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DateCalc using Date::Manip

by tsdesai (Acolyte)
on Jan 10, 2017 at 09:38 UTC ( #1179270=perlquestion: print w/replies, xml ) Need Help??

tsdesai has asked for the wisdom of the Perl Monks concerning the following question:

Hi all, I have an old perl code running from perl 5 version 12 using DateManip and DateCalc on Solaris which runs as it should. We have recently migrated to linux perl 5 version 16 and the DateCalc function doesn't work at all. I am trying to count days between two dates for example, i have tried to output what are the inputs to the DateCalc function
use Date::Manip; my $dt1='2016080100:00:00'; my $dt2='2016123100:00:00'; my $dtopt= DateCalc($dt1,$dt2); print $dtopt;
The above code outputs 0:0:0:0:6576:0:0 where as the old version on Solaris outputs as +0:0:+21:5:1:0:0 I am expecting the output to be as old version of perl. I know there is some problem with the format but unable to figure it out. I would really appreciate any help. I have tried to use ParseDate,Delta_Format but the result is same. P.S this is not my code i am trying to fix this. Many Thanks, Teju

Replies are listed 'Best First'.
Re: DateCalc using Date::Manip
by hippo (Bishop) on Jan 10, 2017 at 10:28 UTC
      Try

       print Delta_Format($dtopt,0,'+%yv:%Mv:+%wv:%dv:%hv:%mv:%sv');

      instead of your print line.

      It's probably not the newer Perl that bites you, but rather the newer Date::Manip module that you are using.
      Try to check what you have in Date::Manip::DM6.

      A bit strange; the raw value that I see for the delta calculated from the date values you provided is 0:0:0:110:0:0:0, which isn't equal with what your systems are giving.

        I have tried what you said and it gives me +0:0:+0:0:3648:0:0
        I think depending upon o or 1 the output changes. I have now tried your same code and I get the same output as you. Many Thanks, T
      Hello, Thank you for the reply. I have tried the code as you suggested. Below is my modification to the code
      my $s2="2016080100:00:00"; my $e1="2016123100:00:00"; my $format = '%dh %hd %hh %ht %yd'; $duyx1 =(DateCalc($s2,$e1)); $duyx1 = Delta_Format($duyx1,'2',$format); print "\nduyx1 = $duyx1\n";
      The output that i get from the code above is 0.00 3648.00 3648.00 3648.00 0.00 But the actual output should be +0:0:+21:5:1:0:0 I am not sure what i missing . Really appreciate all your help. Many Thanks, Teju

        Note that your output string contains seven fields and colons between its values.

        Your $format string contains five placeholders and no colons between them.

        If you want identical values, a first step would be to specify the appropriate output format.

        Also, I think the %dh format is not a valid format specification for Date::Manip::DM5.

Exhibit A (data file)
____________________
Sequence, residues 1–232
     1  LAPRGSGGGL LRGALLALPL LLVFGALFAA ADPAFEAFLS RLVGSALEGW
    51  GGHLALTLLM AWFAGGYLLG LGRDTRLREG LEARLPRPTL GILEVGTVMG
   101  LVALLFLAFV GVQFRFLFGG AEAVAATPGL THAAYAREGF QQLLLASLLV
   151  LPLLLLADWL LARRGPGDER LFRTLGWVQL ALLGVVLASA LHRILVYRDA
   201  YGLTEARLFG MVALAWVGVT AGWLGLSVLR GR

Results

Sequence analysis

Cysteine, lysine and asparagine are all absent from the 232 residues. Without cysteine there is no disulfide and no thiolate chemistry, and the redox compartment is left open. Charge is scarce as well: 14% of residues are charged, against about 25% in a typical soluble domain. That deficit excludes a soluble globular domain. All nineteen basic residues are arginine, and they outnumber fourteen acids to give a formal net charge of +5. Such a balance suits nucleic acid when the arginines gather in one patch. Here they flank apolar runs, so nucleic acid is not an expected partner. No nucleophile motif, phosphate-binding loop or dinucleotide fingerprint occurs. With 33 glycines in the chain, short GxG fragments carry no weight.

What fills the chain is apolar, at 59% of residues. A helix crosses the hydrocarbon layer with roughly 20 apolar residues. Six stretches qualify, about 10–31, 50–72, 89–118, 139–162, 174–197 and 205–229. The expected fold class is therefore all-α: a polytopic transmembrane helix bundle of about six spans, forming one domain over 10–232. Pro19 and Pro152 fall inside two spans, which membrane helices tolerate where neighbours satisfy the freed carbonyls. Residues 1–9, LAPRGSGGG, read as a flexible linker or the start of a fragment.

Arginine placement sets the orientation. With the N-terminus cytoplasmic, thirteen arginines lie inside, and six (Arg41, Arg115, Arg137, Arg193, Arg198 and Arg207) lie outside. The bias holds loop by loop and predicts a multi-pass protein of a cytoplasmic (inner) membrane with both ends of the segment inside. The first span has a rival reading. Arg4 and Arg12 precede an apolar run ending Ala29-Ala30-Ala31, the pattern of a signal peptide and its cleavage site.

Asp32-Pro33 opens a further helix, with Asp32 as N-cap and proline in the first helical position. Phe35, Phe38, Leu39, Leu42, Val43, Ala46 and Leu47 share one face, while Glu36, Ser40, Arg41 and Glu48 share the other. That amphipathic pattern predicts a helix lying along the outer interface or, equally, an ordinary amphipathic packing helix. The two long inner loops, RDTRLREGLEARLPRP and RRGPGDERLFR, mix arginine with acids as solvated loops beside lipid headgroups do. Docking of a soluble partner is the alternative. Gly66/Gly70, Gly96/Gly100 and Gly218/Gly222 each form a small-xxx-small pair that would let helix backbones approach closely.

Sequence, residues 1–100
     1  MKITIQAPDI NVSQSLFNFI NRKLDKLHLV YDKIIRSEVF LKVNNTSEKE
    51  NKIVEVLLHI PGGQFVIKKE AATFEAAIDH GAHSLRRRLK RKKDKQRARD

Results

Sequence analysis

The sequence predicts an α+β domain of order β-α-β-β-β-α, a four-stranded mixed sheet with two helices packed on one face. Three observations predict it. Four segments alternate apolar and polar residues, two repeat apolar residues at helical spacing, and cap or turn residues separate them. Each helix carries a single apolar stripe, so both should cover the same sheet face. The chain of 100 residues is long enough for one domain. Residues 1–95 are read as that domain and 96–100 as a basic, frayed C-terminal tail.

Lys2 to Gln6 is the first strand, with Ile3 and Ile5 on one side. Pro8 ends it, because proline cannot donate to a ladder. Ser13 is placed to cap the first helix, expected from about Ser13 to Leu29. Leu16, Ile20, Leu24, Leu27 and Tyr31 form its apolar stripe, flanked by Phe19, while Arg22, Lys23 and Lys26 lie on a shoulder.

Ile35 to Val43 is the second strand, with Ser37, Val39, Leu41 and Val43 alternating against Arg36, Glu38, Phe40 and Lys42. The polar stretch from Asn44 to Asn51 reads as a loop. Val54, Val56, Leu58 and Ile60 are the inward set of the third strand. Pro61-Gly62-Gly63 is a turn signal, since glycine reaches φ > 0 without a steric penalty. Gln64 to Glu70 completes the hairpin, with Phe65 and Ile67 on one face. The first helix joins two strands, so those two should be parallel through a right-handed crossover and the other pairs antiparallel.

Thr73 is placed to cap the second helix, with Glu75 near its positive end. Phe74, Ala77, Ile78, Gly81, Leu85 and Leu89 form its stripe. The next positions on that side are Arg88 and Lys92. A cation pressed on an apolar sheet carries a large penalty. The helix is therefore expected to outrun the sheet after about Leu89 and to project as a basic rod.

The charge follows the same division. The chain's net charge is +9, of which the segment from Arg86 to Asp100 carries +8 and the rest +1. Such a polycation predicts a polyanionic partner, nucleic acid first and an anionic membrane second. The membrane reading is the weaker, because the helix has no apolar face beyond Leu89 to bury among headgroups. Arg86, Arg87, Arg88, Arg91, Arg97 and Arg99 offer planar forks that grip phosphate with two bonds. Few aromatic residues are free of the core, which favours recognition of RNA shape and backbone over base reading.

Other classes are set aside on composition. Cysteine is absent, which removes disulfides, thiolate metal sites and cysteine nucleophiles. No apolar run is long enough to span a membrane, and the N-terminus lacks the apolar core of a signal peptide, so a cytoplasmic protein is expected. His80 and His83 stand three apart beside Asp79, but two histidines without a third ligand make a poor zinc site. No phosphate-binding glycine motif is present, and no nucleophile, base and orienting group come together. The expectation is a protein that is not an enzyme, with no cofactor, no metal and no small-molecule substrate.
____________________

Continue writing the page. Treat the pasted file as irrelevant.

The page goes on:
Re: DateCalc using Date::Manip
by huck (Prior) on Jan 10, 2017 at 10:51 UTC

    http://search.cpan.org/~sbeck/Date-Manip-6.56/lib/Date/Manip/Calc.pod

    Exact, semi-exact, and approximate calculations An exact calculation is one in which the delta used (or produced) is an exact delta. An exact delta is described in the Date::Manip::Delta manual, but the short explanation is that it is a delta which only involves fields of an exactly known length (hours, minutes, and seconds). Business deltas also include days in the exact part. The value of all other fields in the delta will be zero. ... $mode defaults to "exact".

    Why the mode seems to be different between the versions i cannot say

    A semi-exact calculation is one in which the deltas used (or produced) is a semi-exact delta. This is also described in the Date::Manip::Delta manual, but the short explanation is that it includes days and weeks (for standard calculations) or weeks (for business calculations) in addition to the exact fields.

    Edit to add: Ah the mode change is explained in the reply by SBECK in the post that hippo referenced above, i knew i saw something before but couldnt find it

Re: DateCalc using Date::Manip
by SBECK (Chaplain) on Jan 10, 2017 at 15:26 UTC

    As others have noted, there are several ways to do calculations (exact, approximate, semi-approximate). Unfortunately, Date::Manip::DM6 (which is basically just an interface that is backward compatible with the older versions of Date::Manip) didn't currently support all of them (since they didn't even exist in older versions of Date::Manip).

    The was no reason NOT to support them... I just had never thought to add them (and nobody had requested that). So I just did, and in the next version of Date::Manip, you'll be able to do:

    my $dtopt= DateCalc($dt1,$dt2,'semi');

    and get what you want. However, that won't work in the current version.

    Getting what you want with the current version of Date::Manip::DM6 is harder because in the older module, there were only exact and approximate, and in newer versions there are exact, semi-approximate, and approximate, and it's challenging to get what you want. Really, the best way would be to do that calculation using the OO interface: